As the focal point for ECHO in Cameroon, I was glad to have the opportunity to attend the ECHO training in order to increase my understanding of the ECHO project and discover the opportunities available for nurses. As the training was held two days before the AORTIC conference, I was fortunate enough to be able to attend both events enabling me to benefit from a wide range of learning opportunities and gain access to a huge network of fellow cancer control professionals.
The ECHO movement started as a result of lack of access to high-quality healthcare and shortage of knowledgeable healthcare teams. Cancer patients often have complex needs which are best managed by multidisciplinary teams and unfortunately, many of these specialists are found only in urban areas. Since its launch in 2003, ECHO has grown from one hub focussing on one disease, Hepatitis C, to 162 hubs in 70 countries covering over 70 different diseases.
It was a great learning experience especially as I have used the knowledge shared by the University of Texas MD Anderson Cancer Center, the only oncology-focused ECHO Superhub, to improve my work as supervisor of the WHP’s cervical cancer screening programme, and shared my learnings with other local actors. The training further motivated me to collaborate with other organisations and strive towards increasing quality screening services in my country.
Following the ECHO Immersion training, I participated in the African Organization for Research and Training in Cancer (AORTIC) 12th International Conference on Cancer in Africa from 5 to 8 November 2019 in Maputo, Mozambique. This conference hosted over 1000 members of the cancer community from around the globe. This was done under the theme “Cancer in Africa: Innovation, Strategies, Implementation” and it benefited from a program developed by an internationally representative Scientific Program Committee.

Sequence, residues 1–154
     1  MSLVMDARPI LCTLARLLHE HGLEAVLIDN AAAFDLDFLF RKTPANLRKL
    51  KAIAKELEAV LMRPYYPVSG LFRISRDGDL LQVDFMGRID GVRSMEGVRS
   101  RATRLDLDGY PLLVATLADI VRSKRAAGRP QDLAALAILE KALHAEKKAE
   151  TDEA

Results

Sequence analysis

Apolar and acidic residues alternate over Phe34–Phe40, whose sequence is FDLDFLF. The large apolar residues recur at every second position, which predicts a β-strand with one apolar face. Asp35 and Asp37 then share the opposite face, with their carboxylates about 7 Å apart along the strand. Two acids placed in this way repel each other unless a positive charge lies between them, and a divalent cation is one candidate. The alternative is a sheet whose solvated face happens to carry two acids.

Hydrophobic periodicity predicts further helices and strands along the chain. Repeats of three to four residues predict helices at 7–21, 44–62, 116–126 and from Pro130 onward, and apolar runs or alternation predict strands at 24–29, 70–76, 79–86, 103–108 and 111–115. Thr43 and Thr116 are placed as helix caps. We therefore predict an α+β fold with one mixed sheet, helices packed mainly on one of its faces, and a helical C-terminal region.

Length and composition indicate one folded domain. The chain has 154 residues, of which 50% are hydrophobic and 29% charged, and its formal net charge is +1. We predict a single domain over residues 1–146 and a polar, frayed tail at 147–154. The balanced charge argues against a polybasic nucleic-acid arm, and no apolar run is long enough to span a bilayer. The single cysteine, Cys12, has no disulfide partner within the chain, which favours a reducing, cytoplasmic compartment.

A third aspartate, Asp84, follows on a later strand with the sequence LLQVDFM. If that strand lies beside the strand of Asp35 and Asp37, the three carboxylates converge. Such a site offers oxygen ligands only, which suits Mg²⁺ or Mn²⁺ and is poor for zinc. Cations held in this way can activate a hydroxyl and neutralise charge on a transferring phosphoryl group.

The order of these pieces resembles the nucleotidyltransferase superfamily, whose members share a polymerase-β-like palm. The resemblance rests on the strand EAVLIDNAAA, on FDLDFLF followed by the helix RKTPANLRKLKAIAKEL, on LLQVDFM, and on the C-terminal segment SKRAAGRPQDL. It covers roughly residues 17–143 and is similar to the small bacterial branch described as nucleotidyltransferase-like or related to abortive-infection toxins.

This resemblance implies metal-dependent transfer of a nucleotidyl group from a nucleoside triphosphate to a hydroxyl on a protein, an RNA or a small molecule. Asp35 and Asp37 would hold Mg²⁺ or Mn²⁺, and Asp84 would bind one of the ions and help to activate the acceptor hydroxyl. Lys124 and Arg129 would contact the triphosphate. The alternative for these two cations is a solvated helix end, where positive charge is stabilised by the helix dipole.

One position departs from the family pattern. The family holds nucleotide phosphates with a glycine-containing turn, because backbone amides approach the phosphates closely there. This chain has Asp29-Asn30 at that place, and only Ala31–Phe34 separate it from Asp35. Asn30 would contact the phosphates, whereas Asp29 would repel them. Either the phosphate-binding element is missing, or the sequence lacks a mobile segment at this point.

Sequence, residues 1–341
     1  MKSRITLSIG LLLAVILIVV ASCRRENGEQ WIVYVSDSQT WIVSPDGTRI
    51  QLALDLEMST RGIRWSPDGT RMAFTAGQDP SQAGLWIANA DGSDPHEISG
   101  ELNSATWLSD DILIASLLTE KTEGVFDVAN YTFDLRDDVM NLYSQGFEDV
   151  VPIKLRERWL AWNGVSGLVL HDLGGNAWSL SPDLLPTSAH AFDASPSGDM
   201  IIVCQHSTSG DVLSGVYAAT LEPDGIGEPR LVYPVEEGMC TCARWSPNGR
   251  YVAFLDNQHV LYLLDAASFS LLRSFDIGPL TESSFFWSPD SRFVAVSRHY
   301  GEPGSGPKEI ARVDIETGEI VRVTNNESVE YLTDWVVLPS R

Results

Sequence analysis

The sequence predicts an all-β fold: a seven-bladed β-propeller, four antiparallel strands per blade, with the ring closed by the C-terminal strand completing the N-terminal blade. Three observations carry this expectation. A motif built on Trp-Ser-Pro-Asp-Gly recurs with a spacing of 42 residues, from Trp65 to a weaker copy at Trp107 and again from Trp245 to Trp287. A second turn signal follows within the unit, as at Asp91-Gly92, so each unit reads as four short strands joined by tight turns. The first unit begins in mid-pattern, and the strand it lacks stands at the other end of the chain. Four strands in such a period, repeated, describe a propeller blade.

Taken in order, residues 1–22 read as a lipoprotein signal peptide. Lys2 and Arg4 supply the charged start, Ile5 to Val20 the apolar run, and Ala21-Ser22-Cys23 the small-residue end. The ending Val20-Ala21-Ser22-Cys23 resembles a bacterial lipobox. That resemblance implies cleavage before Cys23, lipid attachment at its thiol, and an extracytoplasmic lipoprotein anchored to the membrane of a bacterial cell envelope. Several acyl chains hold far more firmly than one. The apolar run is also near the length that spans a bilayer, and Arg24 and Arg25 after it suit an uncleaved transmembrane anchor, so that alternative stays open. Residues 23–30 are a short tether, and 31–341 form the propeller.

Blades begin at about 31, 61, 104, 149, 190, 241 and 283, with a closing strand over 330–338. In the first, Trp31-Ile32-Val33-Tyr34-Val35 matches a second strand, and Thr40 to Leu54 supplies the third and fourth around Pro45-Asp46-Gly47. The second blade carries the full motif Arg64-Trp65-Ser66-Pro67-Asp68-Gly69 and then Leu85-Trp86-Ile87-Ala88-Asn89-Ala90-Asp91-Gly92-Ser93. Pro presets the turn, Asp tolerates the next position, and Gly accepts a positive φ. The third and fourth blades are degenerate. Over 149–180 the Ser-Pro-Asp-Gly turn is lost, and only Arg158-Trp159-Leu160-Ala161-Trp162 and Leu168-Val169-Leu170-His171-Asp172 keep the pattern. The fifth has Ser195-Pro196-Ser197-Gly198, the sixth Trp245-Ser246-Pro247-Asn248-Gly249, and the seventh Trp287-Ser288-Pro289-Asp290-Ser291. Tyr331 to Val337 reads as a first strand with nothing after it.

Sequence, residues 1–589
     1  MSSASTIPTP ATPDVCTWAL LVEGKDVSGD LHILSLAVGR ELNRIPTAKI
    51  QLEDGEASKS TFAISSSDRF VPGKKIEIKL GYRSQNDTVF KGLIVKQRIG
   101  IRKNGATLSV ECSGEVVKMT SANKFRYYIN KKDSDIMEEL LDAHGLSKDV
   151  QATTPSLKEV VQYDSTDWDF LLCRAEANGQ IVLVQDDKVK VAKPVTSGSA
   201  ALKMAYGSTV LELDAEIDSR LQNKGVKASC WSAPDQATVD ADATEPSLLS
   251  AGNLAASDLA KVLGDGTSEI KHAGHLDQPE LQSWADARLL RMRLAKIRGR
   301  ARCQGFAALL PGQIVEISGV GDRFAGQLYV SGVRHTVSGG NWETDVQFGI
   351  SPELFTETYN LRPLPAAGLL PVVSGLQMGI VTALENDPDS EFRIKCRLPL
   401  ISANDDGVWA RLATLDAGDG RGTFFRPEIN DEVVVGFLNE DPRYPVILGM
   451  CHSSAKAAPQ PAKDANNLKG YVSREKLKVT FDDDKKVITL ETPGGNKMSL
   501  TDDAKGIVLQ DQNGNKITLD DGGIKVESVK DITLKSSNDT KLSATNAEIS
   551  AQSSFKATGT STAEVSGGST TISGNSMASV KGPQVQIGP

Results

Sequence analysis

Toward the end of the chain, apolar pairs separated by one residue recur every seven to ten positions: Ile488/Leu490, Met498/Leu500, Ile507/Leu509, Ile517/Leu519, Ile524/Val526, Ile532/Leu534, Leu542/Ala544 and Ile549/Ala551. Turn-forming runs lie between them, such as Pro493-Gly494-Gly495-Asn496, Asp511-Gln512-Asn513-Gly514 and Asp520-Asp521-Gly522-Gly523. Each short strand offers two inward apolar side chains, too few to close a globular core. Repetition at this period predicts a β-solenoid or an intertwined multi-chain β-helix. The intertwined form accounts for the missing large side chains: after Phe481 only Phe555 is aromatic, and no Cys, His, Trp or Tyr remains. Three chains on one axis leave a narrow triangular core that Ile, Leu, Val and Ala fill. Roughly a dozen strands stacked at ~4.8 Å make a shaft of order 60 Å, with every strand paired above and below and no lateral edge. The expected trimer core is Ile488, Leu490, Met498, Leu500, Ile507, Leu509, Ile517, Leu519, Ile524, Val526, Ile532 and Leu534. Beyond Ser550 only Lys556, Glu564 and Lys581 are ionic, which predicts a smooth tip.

During the four days at Maputo, I observed a distinctive focus on cancer in Africa, oral presentations, technical, and posters sessions, a variety of formal and informal opportunities to network with peers and colleagues from more than 55 countries. Equally, there were learning and collaboration opportunities through meeting sessions and exhibits from companies and organisations highlighting the newest products and services available for cancer care and control.
“To triumph over cancer in Africa, it is for great minds to share their knowledge. The biennial AORTIC Conference was a perfect platform for great minds to share, learn, and collaborate.”
Through the lessons learned from the ECHO immersion training and the AORTIC conference, I have been able to achieve a great deal. Connections I made with CHAI and Roche have led to continued discussions on how we can collaborate on providing HPV vaccinations and fighting cancer in Cameroon. My organisation’s health facilities have been recognised by the national cancer control committee and as a result, it has been selected as a training centre for cervical cancer prevention. In addition to this, we worked with the permanent secretary for the fight against cancer to publish a magazine on female cancers to provide information and raise awareness among the population. All of these activities since my visit to Maputo is a step forward in achieving my goal of improving cervical cancer control in my country. I greatly appreciate UICC’s Young Leaders Program for supporting me and for the benefits this has led to both for myself and for the Cameroon Baptist Convention Health Services.